The Dream Rests on Our Backs

“Here is what I would like for you to know: In America, it is traditional to destroy the black body — it is heritage,” writes Ta-Nehisi Coates in Between the World and Me, his 2015 book written as a letter to his son. Thanks to Kate Gavino for the illustration below — she created authorContinue reading “The Dream Rests on Our Backs”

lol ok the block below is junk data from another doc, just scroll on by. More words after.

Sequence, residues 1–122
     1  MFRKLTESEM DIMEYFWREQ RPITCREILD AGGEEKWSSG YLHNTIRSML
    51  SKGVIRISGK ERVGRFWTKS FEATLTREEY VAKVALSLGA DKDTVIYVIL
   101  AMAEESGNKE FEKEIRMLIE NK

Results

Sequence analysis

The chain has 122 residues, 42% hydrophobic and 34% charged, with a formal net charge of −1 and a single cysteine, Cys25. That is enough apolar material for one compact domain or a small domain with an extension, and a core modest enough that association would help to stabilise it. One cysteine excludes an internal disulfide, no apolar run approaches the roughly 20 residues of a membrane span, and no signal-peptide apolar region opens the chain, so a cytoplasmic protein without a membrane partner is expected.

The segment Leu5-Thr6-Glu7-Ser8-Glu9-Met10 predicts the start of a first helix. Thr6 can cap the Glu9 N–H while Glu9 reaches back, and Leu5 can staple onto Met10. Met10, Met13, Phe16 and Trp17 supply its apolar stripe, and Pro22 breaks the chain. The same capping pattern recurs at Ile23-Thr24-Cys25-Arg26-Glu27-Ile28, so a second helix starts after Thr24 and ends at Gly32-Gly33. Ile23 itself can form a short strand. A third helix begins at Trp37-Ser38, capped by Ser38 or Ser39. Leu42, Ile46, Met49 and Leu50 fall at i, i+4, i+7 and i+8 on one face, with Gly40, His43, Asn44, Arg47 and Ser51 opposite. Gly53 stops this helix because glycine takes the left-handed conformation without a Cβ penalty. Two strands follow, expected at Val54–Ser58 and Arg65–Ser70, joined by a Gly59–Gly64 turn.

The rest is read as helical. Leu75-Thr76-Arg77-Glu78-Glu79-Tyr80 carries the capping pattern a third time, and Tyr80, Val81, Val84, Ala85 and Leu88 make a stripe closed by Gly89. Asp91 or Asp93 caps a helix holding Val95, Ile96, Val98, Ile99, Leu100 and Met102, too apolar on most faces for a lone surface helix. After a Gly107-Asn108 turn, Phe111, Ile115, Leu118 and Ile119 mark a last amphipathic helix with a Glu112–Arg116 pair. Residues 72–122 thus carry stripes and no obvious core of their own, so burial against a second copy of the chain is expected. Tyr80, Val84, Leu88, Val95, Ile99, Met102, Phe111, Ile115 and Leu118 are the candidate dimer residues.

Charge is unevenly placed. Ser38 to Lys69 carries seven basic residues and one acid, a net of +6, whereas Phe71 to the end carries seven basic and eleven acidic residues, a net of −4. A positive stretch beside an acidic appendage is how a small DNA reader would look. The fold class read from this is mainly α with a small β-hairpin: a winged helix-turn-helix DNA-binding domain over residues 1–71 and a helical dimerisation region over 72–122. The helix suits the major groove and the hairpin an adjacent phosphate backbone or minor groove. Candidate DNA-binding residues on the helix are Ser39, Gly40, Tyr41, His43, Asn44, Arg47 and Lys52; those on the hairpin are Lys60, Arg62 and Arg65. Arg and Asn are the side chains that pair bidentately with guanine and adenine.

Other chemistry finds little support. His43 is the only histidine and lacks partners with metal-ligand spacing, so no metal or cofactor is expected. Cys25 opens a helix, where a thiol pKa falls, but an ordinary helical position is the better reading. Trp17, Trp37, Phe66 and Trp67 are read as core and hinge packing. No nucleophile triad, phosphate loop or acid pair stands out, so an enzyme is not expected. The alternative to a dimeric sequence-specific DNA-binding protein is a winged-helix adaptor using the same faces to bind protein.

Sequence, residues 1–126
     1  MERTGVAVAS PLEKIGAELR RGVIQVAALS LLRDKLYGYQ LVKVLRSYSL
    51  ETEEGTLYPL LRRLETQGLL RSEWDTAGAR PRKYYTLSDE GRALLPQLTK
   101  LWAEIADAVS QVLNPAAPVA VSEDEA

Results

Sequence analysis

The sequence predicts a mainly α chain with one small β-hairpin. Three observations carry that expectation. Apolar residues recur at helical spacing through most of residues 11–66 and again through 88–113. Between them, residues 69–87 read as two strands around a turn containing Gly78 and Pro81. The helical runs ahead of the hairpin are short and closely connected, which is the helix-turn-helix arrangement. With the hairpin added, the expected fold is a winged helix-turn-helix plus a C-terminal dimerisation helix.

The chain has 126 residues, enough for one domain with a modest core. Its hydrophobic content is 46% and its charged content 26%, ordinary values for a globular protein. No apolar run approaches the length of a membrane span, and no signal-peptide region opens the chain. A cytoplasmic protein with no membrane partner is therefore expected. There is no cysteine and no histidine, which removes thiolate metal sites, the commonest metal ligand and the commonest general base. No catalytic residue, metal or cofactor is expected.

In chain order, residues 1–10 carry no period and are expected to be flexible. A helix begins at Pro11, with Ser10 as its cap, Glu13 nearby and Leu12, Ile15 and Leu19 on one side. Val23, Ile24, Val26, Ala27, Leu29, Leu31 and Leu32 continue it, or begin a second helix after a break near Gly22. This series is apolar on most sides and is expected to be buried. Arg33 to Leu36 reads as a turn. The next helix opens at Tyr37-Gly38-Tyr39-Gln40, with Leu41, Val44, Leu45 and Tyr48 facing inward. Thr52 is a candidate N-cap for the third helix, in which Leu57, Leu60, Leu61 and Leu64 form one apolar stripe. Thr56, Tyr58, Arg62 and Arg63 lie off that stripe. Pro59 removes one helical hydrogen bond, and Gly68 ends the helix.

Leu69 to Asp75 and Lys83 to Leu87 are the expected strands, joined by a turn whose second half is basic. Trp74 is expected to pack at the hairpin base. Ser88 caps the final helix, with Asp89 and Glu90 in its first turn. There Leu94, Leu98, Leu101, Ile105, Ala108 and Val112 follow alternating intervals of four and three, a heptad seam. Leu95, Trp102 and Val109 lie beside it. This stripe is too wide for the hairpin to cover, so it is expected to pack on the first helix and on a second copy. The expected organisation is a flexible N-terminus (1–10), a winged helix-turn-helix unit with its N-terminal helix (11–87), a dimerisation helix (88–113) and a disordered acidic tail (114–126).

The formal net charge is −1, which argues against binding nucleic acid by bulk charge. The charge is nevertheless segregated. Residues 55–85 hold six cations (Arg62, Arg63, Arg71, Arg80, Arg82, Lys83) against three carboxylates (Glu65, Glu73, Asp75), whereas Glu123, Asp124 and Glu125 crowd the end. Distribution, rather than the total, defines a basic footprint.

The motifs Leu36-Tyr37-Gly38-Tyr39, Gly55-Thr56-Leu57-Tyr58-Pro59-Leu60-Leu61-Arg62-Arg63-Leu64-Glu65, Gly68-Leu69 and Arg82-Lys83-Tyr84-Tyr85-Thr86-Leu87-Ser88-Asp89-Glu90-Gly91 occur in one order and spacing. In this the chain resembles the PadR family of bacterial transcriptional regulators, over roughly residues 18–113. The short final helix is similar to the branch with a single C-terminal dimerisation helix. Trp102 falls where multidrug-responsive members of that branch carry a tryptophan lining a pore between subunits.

Monotony Is a Luxury: Walking While Black

I first read “Walking While Black,” a beautiful and poignant essay in LitHub by Garnette Cadogan, a few years ago. It’s about the complicated act of walking while black, both as a child on the streets of Kingston, Jamaica, and as an older man in New Orleans and New York City. I remembered it overContinue reading “Monotony Is a Luxury: Walking While Black”